Probably the major factor in choosing a bathroom for most of us is the cost. If you are anything like me you will look through piles of interior design and other inspirational magazines but then be faced with the prospect of re-creating your dream bathroom on a tight budget. Instead of limestone or marble maybe ceramic tiles or porcelain tiles would do just as well, or would they? Can stone effect porcelain tiles, for instance, ever look as good as natural stone? I know they are much easier to maintain but I still can’t make up my mind whether the additional cost of the natural stone is worth it.
People concerned about their environment often ask if tiling their floors or walls in their home is an eco-friendly choice. It is perhaps understandable that this question is asked so often as it is difficult to know whether a manufactured product is good or bad for the environment and when it comes to natural stone tiles, the product might be natural but what about the process to extract the natural stone and make it into tiles?
If you are reasonably competent at DIY then tiling your own walls or floor should be fairly straightforward; of course, some aspects of tiling are harder than others – if you choose large porcelain tiles for an awkward space you may find cutting them to shape a nuisance but, providing you have made a sensible choice for your room and your own capabilities then there is no reason why an amateur cannot achieve a professional-looking finish.
Getting a tiling project underway can be an exciting time for any DIY enthusiast. But before you start getting ready to work, check out our list of essential items for your project so you don’t have to suddenly rush out to the hardware shop for something you’ve forgotten. The exact shopping list will depend on the project you are doing, but you should definitely have the basic essentials listed here…
It might seem a straightforward process to remove tiles from the surface of walls or floors, however if you don’t know what you are doing you could end up damaging the adjacent tile and making a simple job into a major task. Whether you need to replace a broken tile, want to swap a plain tile for a patterned or coloured tile or just get rid of a tiled area in your home, make sure you follow these step by step instructions to help the process go more smoothly.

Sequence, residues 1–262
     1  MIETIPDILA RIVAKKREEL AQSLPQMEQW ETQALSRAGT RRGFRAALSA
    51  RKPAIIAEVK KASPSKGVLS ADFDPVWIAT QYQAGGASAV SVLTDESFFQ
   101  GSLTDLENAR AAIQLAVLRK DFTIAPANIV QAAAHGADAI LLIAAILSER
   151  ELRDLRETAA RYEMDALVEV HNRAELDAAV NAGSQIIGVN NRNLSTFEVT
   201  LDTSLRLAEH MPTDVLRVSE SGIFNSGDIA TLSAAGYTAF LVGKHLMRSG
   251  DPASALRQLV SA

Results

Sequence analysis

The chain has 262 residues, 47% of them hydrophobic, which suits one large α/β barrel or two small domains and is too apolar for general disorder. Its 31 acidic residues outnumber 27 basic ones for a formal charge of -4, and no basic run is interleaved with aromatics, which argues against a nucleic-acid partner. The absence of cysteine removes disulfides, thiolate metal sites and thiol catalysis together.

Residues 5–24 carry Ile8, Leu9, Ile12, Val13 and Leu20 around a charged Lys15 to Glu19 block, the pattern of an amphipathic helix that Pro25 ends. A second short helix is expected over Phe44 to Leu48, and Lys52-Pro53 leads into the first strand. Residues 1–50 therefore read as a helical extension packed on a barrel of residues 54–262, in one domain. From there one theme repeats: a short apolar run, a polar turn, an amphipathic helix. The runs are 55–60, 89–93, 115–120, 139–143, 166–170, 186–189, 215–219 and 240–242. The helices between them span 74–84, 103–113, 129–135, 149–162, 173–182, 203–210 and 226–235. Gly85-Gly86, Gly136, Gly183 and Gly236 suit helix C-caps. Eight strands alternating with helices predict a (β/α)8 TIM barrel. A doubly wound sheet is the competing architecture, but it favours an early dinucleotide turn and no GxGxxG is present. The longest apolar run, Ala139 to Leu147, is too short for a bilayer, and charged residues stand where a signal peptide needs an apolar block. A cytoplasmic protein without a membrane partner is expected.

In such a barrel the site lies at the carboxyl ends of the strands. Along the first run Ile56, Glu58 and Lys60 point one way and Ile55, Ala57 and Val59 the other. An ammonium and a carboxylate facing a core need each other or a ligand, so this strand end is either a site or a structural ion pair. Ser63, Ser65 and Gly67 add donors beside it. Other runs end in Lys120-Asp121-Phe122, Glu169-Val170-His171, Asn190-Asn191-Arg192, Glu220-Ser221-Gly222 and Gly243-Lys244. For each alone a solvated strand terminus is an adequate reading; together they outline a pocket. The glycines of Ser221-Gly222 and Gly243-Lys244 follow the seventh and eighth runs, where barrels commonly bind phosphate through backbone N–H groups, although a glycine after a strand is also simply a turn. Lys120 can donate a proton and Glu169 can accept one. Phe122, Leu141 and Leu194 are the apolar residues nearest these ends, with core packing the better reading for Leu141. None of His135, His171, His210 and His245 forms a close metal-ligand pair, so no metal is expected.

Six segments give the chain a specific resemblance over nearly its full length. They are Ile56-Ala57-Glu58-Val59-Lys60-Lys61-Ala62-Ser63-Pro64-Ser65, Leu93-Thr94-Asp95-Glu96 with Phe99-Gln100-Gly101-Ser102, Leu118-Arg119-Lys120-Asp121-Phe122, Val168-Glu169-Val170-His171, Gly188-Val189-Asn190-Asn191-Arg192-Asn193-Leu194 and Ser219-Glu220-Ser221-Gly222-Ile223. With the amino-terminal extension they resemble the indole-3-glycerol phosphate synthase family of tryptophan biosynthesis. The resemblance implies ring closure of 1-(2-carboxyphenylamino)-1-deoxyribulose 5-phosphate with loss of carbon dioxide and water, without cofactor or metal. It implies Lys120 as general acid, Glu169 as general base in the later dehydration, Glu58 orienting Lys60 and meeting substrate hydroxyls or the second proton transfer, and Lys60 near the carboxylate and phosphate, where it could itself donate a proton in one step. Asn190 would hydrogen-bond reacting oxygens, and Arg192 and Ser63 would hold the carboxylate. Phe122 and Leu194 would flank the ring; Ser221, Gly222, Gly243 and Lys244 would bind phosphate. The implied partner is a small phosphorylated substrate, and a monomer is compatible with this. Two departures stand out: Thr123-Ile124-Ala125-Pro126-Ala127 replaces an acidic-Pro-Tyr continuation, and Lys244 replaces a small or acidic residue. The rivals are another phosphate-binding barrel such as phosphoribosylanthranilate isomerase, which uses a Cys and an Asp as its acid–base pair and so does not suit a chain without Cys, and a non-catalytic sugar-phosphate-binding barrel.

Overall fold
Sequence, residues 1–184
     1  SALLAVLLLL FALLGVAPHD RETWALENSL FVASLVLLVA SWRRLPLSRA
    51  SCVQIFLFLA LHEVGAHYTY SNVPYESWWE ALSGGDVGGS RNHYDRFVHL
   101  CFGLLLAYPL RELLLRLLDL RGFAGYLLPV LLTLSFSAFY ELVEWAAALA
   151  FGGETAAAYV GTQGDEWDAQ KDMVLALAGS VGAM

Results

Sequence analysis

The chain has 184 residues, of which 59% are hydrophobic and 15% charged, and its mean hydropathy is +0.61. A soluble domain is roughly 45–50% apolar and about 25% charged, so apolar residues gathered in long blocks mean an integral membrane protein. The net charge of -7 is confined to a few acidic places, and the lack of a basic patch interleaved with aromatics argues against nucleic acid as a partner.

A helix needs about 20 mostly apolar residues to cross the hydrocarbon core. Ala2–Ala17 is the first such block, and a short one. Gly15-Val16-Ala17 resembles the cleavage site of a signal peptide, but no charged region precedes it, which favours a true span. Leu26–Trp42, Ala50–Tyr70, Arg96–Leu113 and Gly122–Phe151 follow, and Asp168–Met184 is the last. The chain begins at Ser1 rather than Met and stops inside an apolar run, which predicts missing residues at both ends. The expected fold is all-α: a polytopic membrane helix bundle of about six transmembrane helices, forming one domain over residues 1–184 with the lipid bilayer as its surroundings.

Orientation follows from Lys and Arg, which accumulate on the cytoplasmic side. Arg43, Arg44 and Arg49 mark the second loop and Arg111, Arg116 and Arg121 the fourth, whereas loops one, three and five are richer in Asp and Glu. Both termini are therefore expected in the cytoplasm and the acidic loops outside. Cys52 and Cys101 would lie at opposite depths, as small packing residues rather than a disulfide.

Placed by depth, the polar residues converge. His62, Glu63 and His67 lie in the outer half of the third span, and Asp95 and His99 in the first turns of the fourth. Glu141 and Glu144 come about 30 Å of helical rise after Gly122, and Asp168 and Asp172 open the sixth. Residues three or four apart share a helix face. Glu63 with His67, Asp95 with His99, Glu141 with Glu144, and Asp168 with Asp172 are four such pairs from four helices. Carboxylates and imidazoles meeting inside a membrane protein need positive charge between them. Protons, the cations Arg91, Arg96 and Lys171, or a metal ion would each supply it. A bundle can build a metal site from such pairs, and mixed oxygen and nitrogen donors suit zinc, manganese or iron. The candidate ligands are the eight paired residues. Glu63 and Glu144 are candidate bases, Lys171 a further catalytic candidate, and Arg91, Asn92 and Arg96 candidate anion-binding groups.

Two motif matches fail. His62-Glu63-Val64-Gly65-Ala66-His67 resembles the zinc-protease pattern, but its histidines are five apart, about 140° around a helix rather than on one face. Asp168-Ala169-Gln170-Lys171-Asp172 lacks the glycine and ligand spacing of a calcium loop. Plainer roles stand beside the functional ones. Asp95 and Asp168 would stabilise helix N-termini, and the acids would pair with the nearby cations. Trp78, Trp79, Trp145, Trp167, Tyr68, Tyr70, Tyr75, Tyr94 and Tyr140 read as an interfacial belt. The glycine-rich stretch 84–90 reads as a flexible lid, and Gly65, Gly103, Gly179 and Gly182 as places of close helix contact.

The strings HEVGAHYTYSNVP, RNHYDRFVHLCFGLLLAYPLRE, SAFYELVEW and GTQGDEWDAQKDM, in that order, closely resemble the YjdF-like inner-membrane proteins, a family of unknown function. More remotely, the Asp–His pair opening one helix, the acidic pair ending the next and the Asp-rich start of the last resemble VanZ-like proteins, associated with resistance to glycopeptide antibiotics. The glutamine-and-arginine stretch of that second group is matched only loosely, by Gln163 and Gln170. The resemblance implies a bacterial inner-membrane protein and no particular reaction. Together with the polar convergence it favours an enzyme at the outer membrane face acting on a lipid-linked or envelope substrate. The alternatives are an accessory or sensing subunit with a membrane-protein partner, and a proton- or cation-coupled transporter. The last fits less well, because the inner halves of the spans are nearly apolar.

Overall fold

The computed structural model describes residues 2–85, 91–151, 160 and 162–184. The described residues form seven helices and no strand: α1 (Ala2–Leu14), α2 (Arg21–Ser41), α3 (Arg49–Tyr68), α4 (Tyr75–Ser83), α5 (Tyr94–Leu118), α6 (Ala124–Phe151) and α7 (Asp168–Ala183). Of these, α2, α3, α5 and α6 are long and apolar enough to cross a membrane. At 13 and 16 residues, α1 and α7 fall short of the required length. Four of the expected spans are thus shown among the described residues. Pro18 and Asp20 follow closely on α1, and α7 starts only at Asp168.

If you have never had a go at tiling before, it can seem a pretty daunting task. Working out how many tiles you need is just the start of the stress. Getting your technique right and your finish perfect can make the difference between creating a beautiful room and being left with a mess, so make sure you have done your homework before you launch into your tiling project. Read our top tips to help your next tiling project go to plan.
If you cannot resist the natural beauty of limestone tiles for your new kitchen or bathroom then youmay need to know how to care for your new limestone floor. The main potential issue you need to be aware of is that acidic substances (including lemon juice) can cause significant and noticeable damage to limestone because limestone is a calcium-based material. So it is essential that the tiles are sealed after they have been installed for added protection.
And here are some more easy pointers towards keeping your beautiful limestone floor looking good for years to come.
There is no denying that limestone tiles are beautiful – they have a unique beauty that cannot be matched by even the best quality porcelain. But there is also no denying that they need regular maintenance to stay looking as good as new (whereas porcelain tiles need very little, if any, maintenance). Whether you choose limestone tiles in a polished or honed finish, a tumbled or brushed finish they will always require significant effort to keepthemlooking good.
Depending on the conditions in a bathroom, mould can develop quickly or only after a few years but whenever it appears it is an unwelcome site. It can be a range of colours from reddish brown to black &hash; it will initially develop on the grout and sealant but eventually start to form on porcelain or ceramic tiles as limescale builds up on them.
Many older style houses have generous-sized bedrooms but lack the en-suite bathroom or shower room that many consider a necessity. In the same square footage in a more modern house there would certainly be additional en-suite bathrooms. But how easy is it to fit an en-suite shower room (or wet room) into an existing bedroom.